So how do the best and the worst of a culture fit together? Let us make a list:

  • Goethe and Buchenwald in Germany
  • Cicero and Crucifixion in ancient Rome
  • Francis of Assisi and inquisition in the Christian church
  • Konfuzius and the live burial of scholars in ancient China
  • (unknown writer of) hieroglyphs and mass human sacrifice in Aztec Culture

Scholars have long puzzled over the Maya civilization’s rise to glory and fall to ruin. If you watch documentations like “Cracking the Maya Code”, you wonder how they might have lived, and what they may have thought. People back then were not that different from today, some just wanted to be peaceful scientists, artists, writers or farmers, while others were more interested in power and insisted on repulsive rituals, bloody sacrifices and endless wars. It is really puzzling why the extremes worked together so well among the Maya and the Aztecs: the smart artists, scribes and writers who wrote the hieroglyphs, and the stupid rulers who made one bloody sacrifice after another. The story behind the centuries-long decipherment of ancient Maya hieroglyphs is amazing, and so are the writers and artists who wrote them. The cruel kings and evil priests who did human sacrifices were just disgusting. How did they fit together?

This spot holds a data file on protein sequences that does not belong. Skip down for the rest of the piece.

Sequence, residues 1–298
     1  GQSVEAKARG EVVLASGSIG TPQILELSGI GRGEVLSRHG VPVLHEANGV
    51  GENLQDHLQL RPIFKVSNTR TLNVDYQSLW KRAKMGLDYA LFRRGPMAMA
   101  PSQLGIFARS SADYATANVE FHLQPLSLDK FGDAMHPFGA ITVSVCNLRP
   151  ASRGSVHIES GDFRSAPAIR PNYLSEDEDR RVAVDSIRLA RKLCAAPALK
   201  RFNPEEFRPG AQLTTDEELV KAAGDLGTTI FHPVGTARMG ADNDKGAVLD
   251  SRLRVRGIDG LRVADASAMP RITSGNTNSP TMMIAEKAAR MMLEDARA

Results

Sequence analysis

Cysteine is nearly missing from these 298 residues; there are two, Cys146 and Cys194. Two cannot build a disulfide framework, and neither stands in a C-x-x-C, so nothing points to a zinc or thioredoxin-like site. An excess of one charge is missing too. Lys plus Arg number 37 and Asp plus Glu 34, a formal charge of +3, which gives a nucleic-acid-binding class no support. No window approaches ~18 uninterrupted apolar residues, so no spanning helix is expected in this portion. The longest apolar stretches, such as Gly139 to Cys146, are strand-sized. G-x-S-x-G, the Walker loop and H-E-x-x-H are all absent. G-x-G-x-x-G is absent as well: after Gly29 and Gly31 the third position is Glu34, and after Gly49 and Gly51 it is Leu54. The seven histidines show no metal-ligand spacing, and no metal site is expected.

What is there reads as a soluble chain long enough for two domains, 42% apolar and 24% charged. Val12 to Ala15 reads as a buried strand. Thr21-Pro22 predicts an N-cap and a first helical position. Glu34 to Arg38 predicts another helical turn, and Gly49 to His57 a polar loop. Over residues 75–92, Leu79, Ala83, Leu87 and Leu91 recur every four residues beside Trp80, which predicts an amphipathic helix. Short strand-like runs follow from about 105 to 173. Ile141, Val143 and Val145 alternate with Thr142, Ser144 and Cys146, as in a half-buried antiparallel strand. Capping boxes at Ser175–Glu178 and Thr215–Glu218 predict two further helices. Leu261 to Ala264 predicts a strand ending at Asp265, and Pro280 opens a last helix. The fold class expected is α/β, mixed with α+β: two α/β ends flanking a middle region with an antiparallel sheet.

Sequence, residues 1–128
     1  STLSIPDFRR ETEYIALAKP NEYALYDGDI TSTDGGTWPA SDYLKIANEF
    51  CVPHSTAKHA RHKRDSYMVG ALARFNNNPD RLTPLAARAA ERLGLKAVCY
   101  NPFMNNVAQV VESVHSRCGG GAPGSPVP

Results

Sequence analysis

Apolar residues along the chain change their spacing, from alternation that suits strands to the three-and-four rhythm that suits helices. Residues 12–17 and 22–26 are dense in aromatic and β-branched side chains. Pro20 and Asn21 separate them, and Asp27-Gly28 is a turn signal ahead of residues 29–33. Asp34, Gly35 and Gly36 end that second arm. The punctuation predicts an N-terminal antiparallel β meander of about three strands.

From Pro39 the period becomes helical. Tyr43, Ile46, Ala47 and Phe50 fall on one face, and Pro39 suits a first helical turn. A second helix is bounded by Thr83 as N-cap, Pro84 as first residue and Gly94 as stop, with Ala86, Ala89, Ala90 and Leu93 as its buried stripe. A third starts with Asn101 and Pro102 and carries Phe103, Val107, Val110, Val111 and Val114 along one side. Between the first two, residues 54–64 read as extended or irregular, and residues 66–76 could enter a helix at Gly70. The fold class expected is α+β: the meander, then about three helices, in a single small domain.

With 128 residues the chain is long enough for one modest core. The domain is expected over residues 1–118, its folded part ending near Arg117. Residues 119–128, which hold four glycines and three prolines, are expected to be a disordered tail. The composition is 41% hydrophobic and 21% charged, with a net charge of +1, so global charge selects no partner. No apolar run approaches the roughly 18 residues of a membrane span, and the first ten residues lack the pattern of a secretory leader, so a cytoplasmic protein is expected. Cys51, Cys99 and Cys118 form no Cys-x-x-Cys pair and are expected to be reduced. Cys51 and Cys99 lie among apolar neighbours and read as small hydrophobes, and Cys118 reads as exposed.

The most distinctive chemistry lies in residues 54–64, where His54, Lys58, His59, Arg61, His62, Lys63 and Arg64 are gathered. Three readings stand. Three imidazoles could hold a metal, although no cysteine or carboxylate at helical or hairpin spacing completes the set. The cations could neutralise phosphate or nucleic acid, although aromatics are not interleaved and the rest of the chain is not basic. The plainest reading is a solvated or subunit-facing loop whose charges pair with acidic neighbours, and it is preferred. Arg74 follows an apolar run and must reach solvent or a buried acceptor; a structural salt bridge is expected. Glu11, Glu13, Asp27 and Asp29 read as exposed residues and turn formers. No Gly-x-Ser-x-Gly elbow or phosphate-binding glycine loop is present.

Well, maybe they didn’t. And just stopped listening to each other. The first Chinese emperor no longer listened to his scholars and buried them alive, and the Aztec emperors did the same. In Nazi Germany, Hitler no longer listened to scientists and scholars as well. For members of the Nazi party a Reichsparteitag was the rise of German culture, for many intellectuals and civilized people it was the decline. In the beginning culture and power are a good combination, like marketing and technology. Language and culture enable the establishment of civilization in the first place. Rich families and powerful rulers often support art and culture by patronage. For example Leonardo da Vinci and Sando Boticelli were sponsored by the rich Medici, a banking family in the 15th century. Haydn and Mozart were sponsored by rich bishops and wealthy aristocratic families. In these patronage system, resources of the state, country or community are used to reward individuals for their outstanding achievements in art and culture, often to portrait and glorify the current rulers. The steles in many Maya cities, for instance Quiriguá, have no other purpose. Civilizations are made of powerful culture and civilized power. But culture without power is boring, power without culture is evil.